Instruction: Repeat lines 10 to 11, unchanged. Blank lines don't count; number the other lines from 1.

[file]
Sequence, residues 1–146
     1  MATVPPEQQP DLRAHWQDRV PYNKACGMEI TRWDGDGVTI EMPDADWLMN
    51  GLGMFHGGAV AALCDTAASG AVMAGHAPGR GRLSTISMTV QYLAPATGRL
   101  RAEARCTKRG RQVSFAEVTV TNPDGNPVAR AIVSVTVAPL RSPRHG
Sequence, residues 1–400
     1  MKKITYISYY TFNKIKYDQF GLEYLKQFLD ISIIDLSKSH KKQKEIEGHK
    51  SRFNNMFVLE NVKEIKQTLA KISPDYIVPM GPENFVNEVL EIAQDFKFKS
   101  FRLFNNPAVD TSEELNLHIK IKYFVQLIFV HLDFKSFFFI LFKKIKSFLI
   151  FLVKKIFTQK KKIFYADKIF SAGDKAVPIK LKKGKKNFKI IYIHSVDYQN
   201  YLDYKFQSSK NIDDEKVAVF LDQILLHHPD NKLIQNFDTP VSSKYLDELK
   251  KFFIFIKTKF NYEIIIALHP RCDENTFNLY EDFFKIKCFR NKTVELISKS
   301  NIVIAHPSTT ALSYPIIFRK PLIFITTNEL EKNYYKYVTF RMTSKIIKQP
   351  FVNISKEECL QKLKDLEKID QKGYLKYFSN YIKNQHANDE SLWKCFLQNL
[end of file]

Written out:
   201  YLDYKFQSSK NIDDEKVAVF LDQILLHHPD NKLIQNFDTP VSSKYLDELK
   251  KFFIFIKTKF NYEIIIALHP RCDENTFNLY EDFFKIKCFR NKTVELISKS